|Psammomatoid ossifying fibroma with secondary aneurysmal bone cyst of frontal sinus.|
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|PMID: 19484249 Owner: NLM Status: MEDLINE|
|INTRODUCTION: Psammomatoid ossifying fibroma (POF) is a rare, slowly progressive tumor of the extragnathic craniofacial bones, with a tendency toward locally aggressive behavior.
CASE REPORT: The pathognomonic histologic feature is the presence of spherical ossicles, which are similar to psammoma bodies.
DISCUSSION: Fibro-osseous lesions composed of POF and aneurysmal bone cyst (ABC) of the frontal sinus in a 12-year-old boy is reported, followed by a literature review.
CONCLUSION: To our knowledge, this is the second case of a fibro-osseous lesion composed of ossifying fibroma with reactive ABC to be reported in the literature.
|M J Nasser|
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|Type: Case Reports; Journal Article; Review Date: 2009-05-30|
|Title: Child's nervous system : ChNS : official journal of the International Society for Pediatric Neurosurgery Volume: 25 ISSN: 1433-0350 ISO Abbreviation: Childs Nerv Syst Publication Date: 2009 Nov|
|Created Date: 2009-10-07 Completed Date: 2009-12-22 Revised Date: 2013-06-02|
Medline Journal Info:
|Nlm Unique ID: 8503227 Medline TA: Childs Nerv Syst Country: Germany|
|Languages: eng Pagination: 1513-6 Citation Subset: IM|
|Department of Neurosurgery, King Fahd University Hospital, King Faisal University, Al-Khobar 31952, Saudi Arabia. email@example.com|
|APA/MLA Format Download EndNote Download BibTex|
Bone Cysts, Aneurysmal
Fibroma, Ossifying / pathology*, radiography, surgery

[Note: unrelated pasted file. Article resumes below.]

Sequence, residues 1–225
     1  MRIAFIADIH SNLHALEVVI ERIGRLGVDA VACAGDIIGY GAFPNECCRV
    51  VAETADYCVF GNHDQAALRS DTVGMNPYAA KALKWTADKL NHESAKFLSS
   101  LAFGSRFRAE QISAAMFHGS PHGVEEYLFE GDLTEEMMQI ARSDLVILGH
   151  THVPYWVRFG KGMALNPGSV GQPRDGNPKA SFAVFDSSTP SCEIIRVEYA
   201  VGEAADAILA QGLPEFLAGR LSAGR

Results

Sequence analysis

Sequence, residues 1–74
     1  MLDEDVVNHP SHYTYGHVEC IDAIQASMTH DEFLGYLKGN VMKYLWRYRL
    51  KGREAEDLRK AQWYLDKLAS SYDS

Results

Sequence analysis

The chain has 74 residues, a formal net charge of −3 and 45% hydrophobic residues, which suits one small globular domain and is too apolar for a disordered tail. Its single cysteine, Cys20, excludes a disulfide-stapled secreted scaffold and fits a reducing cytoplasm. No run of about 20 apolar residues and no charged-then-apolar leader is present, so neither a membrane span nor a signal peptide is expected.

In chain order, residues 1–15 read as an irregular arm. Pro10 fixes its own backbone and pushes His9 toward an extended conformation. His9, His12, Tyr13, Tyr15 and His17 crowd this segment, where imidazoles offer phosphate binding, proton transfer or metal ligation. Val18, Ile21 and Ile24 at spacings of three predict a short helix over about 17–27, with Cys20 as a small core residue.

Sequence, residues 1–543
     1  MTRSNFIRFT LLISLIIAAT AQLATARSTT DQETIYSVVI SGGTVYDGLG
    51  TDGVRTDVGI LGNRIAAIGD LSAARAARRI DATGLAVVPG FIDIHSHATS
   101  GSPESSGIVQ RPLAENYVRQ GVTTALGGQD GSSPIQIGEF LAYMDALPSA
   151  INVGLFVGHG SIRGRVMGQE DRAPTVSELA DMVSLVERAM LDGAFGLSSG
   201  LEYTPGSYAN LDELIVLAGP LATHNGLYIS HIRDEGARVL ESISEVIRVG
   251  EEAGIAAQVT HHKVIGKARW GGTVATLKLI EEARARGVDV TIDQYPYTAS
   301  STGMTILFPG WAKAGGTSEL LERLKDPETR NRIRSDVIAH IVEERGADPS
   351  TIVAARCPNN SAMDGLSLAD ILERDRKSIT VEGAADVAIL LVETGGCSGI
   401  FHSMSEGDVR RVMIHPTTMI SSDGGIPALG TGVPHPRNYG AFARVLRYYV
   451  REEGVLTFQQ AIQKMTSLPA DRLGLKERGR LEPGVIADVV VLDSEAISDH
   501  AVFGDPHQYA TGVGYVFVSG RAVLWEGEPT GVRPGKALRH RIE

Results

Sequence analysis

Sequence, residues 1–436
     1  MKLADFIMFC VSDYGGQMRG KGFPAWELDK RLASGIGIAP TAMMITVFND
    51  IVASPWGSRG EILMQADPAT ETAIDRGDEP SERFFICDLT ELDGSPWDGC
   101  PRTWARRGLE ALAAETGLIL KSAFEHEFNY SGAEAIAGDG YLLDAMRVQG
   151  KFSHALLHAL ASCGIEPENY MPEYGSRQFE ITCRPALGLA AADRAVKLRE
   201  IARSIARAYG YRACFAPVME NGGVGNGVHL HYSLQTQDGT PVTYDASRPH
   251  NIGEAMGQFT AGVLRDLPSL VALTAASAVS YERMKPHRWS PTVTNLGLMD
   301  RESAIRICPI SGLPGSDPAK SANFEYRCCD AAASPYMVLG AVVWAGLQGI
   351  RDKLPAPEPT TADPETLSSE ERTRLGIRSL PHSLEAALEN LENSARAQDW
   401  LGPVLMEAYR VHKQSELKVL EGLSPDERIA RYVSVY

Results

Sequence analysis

Frontal Sinus / pathology*, radiography, surgery
Magnetic Resonance Imaging
Skull Neoplasms / pathology*, radiography, surgery
Tomography, X-Ray Computed
Journal ID (nlm-ta): Childs Nerv Syst
Publisher: Springer-Verlag, Berlin/Heidelberg
? The Author(s) 2009
Received Day: 16 Month: 12 Year: 2008
Revision Received Day: 7 Month: 2 Year: 2009
Electronic publication date: Day: 30 Month: 5 Year: 2009
Print publication date: Month: 11 Year: 2009
Volume: 25 Issue: 11
First Page: 1513 Last Page: 1516
PubMed Id: 19484249
Publisher Id: 906
issue-copyright-statement: ? Springer-Verlag 2009
|Psammomatoid ossifying fibroma with secondary aneurysmal bone cyst of frontal sinus|
|M. J. NasserAff1||
|Department of Neurosurgery, King Fahd University Hospital, King Faisal University, P.O. Box 40010, Al-Khobar, 31952 Saudi Arabia
Psammomatoid ossifying fibroma (POF), also known as juvenile ossifying fibroma, is a rare tumor of the extragnathic craniofacial bones, particularly the periorbital, frontal, and ethmoid bones. It is a slowly progressive lesion with a tendency toward locally aggressive behavior, including invasion and destruction of surrounding tissue, bony erosion, and recurrence after surgical excision. The pathognomonic histologic feature is the presence of spherical ossicles, which are similar to psammoma bodies . Here, we report POF of the frontal sinus in a 12-year-old boy associated with an aneurysmal bone cyst (ABC). Although ABC can occur as a secondary change in association with a number of benign and malignant bone lesions, to our knowledge, this is the second case of a fibro-osseous lesion composed of ossifying fibroma and ABC to be reported in the literature.